Google Webmaster Tools provides an invaluable set of features for any webmaster, including the ability to report crawl errors that the search engine robots encounter when visiting your site to analyse and index its content.
Frequently monitoring the health of your website by identifying and fixing potential crawl errors is one of the most important areas of modern search engine optimisation, and Webmaster Tools provides you with all of the information that you need for free.[Tweet “What are the common types of Webmaster Tools crawl errors, and how can you fix them?”]
You can find a list of crawl errors by logging into your Google account, opening Webmaster Tools, selecting your website and navigating to “Crawl > Crawl Errors” in the sidebar.
In this article, we’ll take a look at fixing some of the most common errors that could be harming your website’s ranking in the search results.
Server Connectivity Errors
If Google Webmaster Tools is reporting a server connectivity error, the search engine crawler has been completely unable to access your website.
Such problems are usually caused by a website being too slow to respond or by a configuration error that is blocking access.
If server connectivity problems occur only occasionally, then it will likely be due to your hosting provider being temporarily offline due to maintenance or an unforeseen technical problem.
The Server Connectivity section in Webmaster Tools showing zero connectivity errors in the last 90 days
Server connectivity errors can also be caused by request timeouts, whereby a website takes so long to load that Google abandons it.
In the case of a dynamic website, such as one powered by WordPress or any other content management system (CMS), the problem could lie with the database configuration.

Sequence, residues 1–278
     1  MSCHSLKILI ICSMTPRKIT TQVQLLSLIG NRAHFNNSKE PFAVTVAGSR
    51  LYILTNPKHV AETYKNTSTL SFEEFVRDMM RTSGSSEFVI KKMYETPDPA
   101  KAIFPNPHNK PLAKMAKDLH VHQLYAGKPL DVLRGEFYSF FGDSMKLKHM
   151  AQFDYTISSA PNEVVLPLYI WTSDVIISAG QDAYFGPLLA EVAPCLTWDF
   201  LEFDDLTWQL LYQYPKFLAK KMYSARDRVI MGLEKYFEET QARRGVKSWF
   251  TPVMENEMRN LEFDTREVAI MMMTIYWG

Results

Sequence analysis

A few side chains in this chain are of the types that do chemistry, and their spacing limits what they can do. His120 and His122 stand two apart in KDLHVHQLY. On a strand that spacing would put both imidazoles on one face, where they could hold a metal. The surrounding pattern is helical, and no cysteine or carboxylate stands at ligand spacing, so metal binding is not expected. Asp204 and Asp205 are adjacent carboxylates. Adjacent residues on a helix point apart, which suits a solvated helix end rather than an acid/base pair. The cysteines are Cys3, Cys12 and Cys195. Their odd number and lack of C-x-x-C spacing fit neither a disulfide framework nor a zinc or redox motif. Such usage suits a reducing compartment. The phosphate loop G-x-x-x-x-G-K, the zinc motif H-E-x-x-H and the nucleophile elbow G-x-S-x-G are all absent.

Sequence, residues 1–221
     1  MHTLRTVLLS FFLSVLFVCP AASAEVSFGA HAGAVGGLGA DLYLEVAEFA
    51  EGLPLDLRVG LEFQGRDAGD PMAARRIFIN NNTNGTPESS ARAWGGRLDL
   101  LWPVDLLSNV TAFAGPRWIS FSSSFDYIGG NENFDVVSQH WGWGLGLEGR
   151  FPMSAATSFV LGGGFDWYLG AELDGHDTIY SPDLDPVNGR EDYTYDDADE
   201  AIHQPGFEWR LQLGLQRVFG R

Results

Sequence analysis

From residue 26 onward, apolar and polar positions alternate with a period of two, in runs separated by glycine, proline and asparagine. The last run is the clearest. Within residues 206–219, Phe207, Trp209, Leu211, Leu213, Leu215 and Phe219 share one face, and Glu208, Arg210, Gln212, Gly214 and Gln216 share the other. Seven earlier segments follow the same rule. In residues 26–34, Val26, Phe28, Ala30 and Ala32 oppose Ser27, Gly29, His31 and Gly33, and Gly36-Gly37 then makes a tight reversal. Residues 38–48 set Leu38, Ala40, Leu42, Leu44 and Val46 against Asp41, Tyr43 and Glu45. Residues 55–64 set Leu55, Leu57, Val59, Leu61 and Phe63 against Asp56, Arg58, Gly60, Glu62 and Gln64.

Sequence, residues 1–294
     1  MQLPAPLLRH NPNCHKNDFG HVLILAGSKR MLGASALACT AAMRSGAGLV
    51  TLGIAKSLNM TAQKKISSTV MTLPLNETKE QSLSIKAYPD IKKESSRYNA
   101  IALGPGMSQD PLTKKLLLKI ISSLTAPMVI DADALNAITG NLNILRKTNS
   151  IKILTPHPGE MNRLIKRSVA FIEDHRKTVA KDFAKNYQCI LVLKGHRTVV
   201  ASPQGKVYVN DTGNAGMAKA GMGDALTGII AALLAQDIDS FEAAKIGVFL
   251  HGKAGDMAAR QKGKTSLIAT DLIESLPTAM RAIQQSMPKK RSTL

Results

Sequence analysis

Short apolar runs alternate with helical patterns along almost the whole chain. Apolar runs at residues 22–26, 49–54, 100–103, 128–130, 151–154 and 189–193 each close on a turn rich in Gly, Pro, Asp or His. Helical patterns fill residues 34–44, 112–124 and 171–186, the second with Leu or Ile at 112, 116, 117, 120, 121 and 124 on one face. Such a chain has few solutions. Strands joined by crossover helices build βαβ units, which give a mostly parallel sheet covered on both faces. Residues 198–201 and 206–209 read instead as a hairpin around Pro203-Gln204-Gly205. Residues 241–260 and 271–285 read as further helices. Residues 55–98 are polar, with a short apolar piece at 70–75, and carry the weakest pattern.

In such cases, you’ll need to contact your hosting provider and talk to them about removing any such restrictions on your Web server that may be blocking Google’s access.
Similar to server connectivity errors, DNS errors are caused when Google cannot communicate with DNS server, or find your content on the server.
Once again, you’ll need to contact whoever handles your DNS records (likely to be your domain registrar) and your web hosting server to ensure access is allowed.
Robots.txt is a small text file stored in the root directory of your Web server that lists any URLs on your website that you do not want to give the search engine crawlers access to.
There are various reasons why you might not want certain pages to be indexed, and any pages restricted by the robots.txt file will be referred to in Google Webmaster Tools.
When Google’s crawler visits your website, it will try to find the robots.txt file before it does anything else.
If the file is present, but not reachable, you will see a robots.txt fetch error, in which case your hosting provider may be blocking Google’s crawler.
Not Found (404 Errors)
The infamous 404 error appears when a link leads to a webpage that cannot be found.
However, while a 404 URL error is meant to show that the page being linked to doesn’t exist, the problem is often due to an incorrect link or another technical issue.
If you are receiving a 404 error, you will need to redirect any offending links to an existing and relevant page on your site.
Google also recommends that you create a custom 404 error page complete with a list of alternative suggestions and a search box since this will be far more useful to your visitors than a generic 404 error page.
The 404 error section of Webmaster Tools. The site in question looks to have been working on reducing the amount of 404s over the last couple of months
There are many broken link checkers online that you can use to list any offending internal or external links on your website.
You may also see “Soft 404” errors. A soft 404 is when a page is not found and redirected, but Google do not believe the content on the destination page is relevant enough, or valuable.
You may want to consider redirecting these pages to another more relevant URL on your site.
For the most part, the crawl errors reported in Google Webmaster Tools are fairly intuitive, and while server-related errors are typically related to your hosting company, URL errors are often a result of broken links or inaccessible content.
On a final note, you can use the Fetch as Google feature within Webmaster Tools to view your website as Google’s crawlers see it, and this will allow you to see all of the content that is actually being indexed.